NEW YORK (Reuters) - Gold surged past the $2,000 mark on Tuesday after Democrats and the White House appeared closer to agreement on new stimulus to help the coronavirus-hit economy while stocks on Wall Street ended higher as investors awaited more aid from Washington.
Oil prices also rose on the prospect of more stimulus but Treasury yields fell to their lowest since March on safe-haven demand and concerns about the ultimate cost of aid.
Gold prices breached the psychological $2,000 level for the first time, propelled by stimulus concerns.
Increased cyclical and structural allocations to gold are likely, which will support its price, Mohamed El-Erian, chief economic adviser at Allianz, told the Reuters Global Markets Forum.
“The rally is understandable given that investors are looking for a broader range of risk-mitigating assets now that yields on government bonds are so low,” El-Erian said.
Markets have lost confidence that Congress will approve enough benefits in a stimulus bill, which will lead the Federal Reserve to expand its balance sheet, said Lee Ferridge, head of North America macro strategy for State Street Global Markets.
Increased bond purchases through the Fed’s quantitative easing, or QE program, and the increase in money supply will ultimately lower the value of the dollar, Ferridge said.
“It all falls back on the Fed, that is what’s driving this,” Ferridge said, pushing gold higher and yields lower at the same time.
“Gold is outperforming, Treasuries are outperforming,” he said. “It’s all about the debasement of the dollar.”
The U.S. Senate’s top Democrat said a new round of coronavirus relief was moving in the right direction, though the two sides remain far apart.
Bullion has soared 33% so far this year, supported by lower interest rates and safe-haven buying on concerns Fed monetary policy and government stimulus are debasing the dollar.
The bond market, which is at loggerheads with equity markets over stimulus and its role in the economy, is skeptical about the rebound in economic growth.
“There is a concern about how much the stimulus package will help the economy, and its cost over time,” said Kevin Giddis, chief fixed income strategist at Raymond James.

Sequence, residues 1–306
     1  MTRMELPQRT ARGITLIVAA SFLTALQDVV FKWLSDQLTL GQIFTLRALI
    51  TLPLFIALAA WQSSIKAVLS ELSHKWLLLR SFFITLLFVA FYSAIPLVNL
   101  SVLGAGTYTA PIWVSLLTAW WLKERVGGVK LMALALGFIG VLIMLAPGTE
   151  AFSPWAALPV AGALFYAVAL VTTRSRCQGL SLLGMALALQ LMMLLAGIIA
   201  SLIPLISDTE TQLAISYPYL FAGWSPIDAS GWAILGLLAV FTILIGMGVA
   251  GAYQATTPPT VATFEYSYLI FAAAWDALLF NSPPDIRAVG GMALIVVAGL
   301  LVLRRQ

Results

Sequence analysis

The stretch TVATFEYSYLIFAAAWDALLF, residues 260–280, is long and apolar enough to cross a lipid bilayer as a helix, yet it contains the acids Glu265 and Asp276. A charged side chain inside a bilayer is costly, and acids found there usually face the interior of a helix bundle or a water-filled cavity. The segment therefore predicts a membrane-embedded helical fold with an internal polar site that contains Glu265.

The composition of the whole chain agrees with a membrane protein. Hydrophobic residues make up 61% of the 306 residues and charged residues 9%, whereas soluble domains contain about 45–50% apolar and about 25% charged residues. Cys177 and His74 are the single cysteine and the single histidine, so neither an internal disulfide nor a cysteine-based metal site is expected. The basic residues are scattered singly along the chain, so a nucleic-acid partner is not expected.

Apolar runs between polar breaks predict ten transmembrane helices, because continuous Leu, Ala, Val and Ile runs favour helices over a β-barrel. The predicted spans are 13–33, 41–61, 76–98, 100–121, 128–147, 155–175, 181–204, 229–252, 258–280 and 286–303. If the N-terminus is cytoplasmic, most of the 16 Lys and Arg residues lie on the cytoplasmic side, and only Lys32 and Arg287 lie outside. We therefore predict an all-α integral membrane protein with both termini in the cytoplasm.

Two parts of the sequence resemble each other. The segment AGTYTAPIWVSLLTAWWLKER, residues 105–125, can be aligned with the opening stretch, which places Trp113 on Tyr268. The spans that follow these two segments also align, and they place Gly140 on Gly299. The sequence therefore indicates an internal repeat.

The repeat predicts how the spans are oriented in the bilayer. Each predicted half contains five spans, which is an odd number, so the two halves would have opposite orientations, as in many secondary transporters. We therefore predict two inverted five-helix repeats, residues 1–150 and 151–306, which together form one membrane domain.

Ten-year U.S. Treasury notes US10YT=RR slid 5.6 basis points to yield 0.5069% after earlier trading as low as 0.505%. MSCI's benchmark for global equity markets .MIWD00000PUS rose 0.71% after earlier hitting a five-month high, less than 4% from its all-time peak in February. The index was lifted overnight when stocks rallied in Asia on relatively strong manufacturing data from around the world reported on Monday.
Wall Street shrugged off new upbeat data after a report showed new orders for U.S.-made goods increased more than expected in June, suggesting the manufacturing sector was beginning to claw its way out of the pandemic’s deep pit.
The Commerce Department said factory orders rose 6.2%, boosted by a surge in demand for motor vehicles. Despite the second straight monthly gain, orders remained well below their level in February before lockdowns sapped demand.
Shares in Europe slid. The broad pan-regional FTSEurofirst 300 index .FTEU3 closed down 0.10% at 1,412.42 after a strong rally on manufacturing data on Monday.
BP BP.L cut its dividend for the first time in a decade after a record $6.7 billion second-quarter loss, when the pandemic hammered fuel demand. Its shares rose 6.5% after BP unveiled a plan to reduce its oil and gas output by 40% and boost investments in renewable energy.
Oil prices edged higher, with Brent on track for a five-month high, on hopes for more stimulus and signs America may be making progress on controlling the coronavirus spread.
Reporting by Herbert Lash, additional reporting by Kate Duguid and Sumita Layek in Bengaluru; Editing by Bernadette Baum and Tom Brown
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